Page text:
- Features | December 12, 2017
Five Steps to Improve Productivity and Morale
Productivity has been the mantra of the industry for the last two decades – and it’s not stopping anytime soon. The U.S. Census Bureau reports positive gains for May 2017, total construction spending is up 6.1 percent from May 2016. The result is that companies are implementing new tactics to meet the high demand. Prefabrication, with its substantial time saving benefits, is becoming more prevalent as part of those new tactics. When utilizing prefabrication methods, it must be paired with knowledge and implementation of good ergonomics to recognize those time savings. Prefab gains can easily be offset with labor downtime and high injury/workers comp expenses.
In prefab shops where repetitive motion is the norm, poor ergonomics is a major cause of worker fatigue and discomfort. Fatigue and discomfort caused by poor ergonomics can result in injuries, lost time, and significant setbacks to a job’s timeline.
There are several factors that can lead to poor ergonomics: bad habits, such as slouching or hunching over; inefficient and time-consuming workflows; ill-designed workstations that force workers to strain themselves to complete the task; improper use of a tool, causing a muscle strain; and tools that are difficult to move. Below is a quick list to help identify trouble spots and easy solutions to mitigate the problems. The goal is to decrease fatigue and injuries, while increasing productivity.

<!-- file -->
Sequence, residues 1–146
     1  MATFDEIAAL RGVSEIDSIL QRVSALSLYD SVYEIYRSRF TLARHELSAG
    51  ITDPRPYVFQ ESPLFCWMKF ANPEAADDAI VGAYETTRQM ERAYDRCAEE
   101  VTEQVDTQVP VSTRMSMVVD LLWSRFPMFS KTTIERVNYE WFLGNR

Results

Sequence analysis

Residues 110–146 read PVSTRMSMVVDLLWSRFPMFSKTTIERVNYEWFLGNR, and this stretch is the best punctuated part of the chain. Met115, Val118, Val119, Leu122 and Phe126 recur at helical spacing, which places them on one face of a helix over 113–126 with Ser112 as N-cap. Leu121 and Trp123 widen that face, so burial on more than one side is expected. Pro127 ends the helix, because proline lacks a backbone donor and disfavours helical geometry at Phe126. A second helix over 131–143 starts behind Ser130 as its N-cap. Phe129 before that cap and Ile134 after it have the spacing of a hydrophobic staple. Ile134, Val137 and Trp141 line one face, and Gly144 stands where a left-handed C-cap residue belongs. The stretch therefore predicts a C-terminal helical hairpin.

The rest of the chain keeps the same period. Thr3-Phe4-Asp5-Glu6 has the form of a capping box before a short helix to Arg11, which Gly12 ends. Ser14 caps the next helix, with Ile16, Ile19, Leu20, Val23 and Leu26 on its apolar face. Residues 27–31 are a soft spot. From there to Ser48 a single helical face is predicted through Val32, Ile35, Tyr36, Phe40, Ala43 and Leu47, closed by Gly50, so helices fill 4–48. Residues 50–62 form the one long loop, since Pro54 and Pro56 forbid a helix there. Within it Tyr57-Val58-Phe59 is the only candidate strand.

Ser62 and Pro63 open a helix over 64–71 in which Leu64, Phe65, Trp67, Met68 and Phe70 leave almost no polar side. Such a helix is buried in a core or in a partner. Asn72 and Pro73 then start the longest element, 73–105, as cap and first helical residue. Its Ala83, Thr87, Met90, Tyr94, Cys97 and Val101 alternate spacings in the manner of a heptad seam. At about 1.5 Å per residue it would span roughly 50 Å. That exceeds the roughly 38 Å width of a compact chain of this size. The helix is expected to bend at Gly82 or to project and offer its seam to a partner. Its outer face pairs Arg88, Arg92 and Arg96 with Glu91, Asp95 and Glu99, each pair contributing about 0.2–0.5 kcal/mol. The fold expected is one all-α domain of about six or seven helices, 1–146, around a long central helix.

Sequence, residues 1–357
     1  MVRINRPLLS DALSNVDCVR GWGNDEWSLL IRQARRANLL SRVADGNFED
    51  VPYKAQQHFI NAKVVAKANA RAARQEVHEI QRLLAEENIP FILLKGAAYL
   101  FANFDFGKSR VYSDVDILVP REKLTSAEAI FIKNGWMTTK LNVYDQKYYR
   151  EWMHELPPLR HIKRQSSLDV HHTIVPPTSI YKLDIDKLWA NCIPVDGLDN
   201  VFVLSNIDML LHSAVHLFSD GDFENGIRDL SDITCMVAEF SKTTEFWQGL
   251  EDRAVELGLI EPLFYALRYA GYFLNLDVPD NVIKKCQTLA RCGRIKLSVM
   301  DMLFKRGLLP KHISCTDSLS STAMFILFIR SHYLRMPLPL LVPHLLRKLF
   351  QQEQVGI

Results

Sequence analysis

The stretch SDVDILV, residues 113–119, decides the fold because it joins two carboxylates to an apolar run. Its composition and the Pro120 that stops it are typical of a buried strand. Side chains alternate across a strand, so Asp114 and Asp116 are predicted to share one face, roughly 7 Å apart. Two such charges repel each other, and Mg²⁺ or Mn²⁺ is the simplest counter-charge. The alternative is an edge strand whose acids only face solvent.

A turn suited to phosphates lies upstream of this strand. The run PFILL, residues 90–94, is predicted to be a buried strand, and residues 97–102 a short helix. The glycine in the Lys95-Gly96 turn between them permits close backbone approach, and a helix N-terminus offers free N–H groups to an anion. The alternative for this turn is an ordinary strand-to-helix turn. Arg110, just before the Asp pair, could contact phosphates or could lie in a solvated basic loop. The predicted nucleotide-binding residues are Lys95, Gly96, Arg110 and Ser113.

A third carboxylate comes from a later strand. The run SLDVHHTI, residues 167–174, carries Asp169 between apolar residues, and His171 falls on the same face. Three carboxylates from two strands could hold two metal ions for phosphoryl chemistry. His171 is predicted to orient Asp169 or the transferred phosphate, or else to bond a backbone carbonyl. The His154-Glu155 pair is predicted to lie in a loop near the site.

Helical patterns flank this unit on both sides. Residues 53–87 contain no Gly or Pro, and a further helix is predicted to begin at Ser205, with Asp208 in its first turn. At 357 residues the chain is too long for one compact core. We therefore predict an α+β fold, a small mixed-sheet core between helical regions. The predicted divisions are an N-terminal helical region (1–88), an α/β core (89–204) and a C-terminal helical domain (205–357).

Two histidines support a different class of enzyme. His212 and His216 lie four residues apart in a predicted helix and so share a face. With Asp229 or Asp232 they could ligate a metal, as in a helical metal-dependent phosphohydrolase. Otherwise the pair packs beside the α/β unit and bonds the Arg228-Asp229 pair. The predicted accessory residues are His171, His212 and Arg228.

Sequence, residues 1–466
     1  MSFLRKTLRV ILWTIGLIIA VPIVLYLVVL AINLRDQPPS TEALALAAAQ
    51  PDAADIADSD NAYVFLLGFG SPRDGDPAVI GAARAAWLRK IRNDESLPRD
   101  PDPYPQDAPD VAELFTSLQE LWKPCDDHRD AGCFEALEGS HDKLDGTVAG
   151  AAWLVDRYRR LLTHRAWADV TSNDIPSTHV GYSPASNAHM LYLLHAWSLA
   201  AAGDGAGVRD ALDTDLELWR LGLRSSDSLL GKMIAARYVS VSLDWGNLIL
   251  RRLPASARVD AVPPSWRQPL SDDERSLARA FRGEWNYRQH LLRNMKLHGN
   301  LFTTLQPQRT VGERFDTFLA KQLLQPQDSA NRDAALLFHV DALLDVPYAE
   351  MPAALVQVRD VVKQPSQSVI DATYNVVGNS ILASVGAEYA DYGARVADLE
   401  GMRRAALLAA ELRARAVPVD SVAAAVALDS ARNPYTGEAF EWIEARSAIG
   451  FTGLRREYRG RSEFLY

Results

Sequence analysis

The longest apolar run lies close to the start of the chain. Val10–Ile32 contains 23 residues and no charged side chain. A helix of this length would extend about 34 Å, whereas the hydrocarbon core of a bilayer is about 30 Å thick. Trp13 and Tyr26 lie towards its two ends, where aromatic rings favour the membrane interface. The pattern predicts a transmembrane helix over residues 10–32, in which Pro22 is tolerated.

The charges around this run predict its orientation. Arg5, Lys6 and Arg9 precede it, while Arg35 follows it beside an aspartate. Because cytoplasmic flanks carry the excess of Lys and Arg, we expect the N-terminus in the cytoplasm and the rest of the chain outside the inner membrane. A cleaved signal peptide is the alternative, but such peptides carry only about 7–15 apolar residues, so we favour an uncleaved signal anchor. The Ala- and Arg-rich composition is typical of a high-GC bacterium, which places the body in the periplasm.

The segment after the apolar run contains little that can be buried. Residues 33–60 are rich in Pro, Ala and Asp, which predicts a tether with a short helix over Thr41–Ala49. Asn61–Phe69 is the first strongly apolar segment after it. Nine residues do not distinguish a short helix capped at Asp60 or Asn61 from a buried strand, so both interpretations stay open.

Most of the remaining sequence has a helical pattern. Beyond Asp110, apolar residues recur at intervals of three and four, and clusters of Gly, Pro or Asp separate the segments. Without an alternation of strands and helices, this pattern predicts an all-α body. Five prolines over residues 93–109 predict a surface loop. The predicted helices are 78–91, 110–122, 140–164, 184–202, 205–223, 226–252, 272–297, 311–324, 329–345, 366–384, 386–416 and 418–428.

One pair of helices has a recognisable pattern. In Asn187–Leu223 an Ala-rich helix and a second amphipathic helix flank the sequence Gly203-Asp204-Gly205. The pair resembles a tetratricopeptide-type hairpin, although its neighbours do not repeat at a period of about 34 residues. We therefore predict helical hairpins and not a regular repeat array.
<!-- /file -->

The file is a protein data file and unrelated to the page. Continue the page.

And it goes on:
Fatigue and pain can occur simply due to poor posture. If a workstation is too low, a worker will be forced to bend over to complete the task. If not addressed, potential health problems caused by poor posture can include arthritis, degenerative disc disease, herniated discs, muscle strains, and low back pain.
The Fix: Adjust workstations to the appropriate height to encourage proper posture. Standing postures are used almost exclusively in the electrical trade. The correct position is characterized by a straight back, relaxed shoulders, upper arms by the side and elbows bent about 90 degrees. Workers will be able to perform tasks with little wasted movement, leading to time savings along with reduced fatigue.
Electrical prefab shop operators often have multiple work areas to bend, thread, and cut conduit, and those at the jobsite may have to leave the building for certain steps. Having multiple workstations is labor intensive and increases the potential for injuries. Moving between workstations not only wastes time, but it also increases strain on feet, knees, and the lower back. If floors are slick from oil or littered with extension cords and debris, these hazards increase the risk for a stumble or a fall when moving between workstations. Expanded work spaces may also require workers to reach for the tools they need to perform the task at hand. Reaching away from the body increases torque on multiple joints, including the lower back. Back pain is a common problem and can severely impact the morale and productivity of a worker.
The Fix: Consider positioning workstations as close as possible, which may include combining workstations, to eliminate wasted motion while speeding up production. It is important to eliminate carrying material long distances between workstations to decrease the risk of knee bursitis and lower back pain. Look for workstations with storage and organization options to help keep floors clear. Additionally, arrange a workstation with the heavier, more frequently used tools close to the worker. This will reduce the need for awkward extension of arms or leaning/twisting of trunk.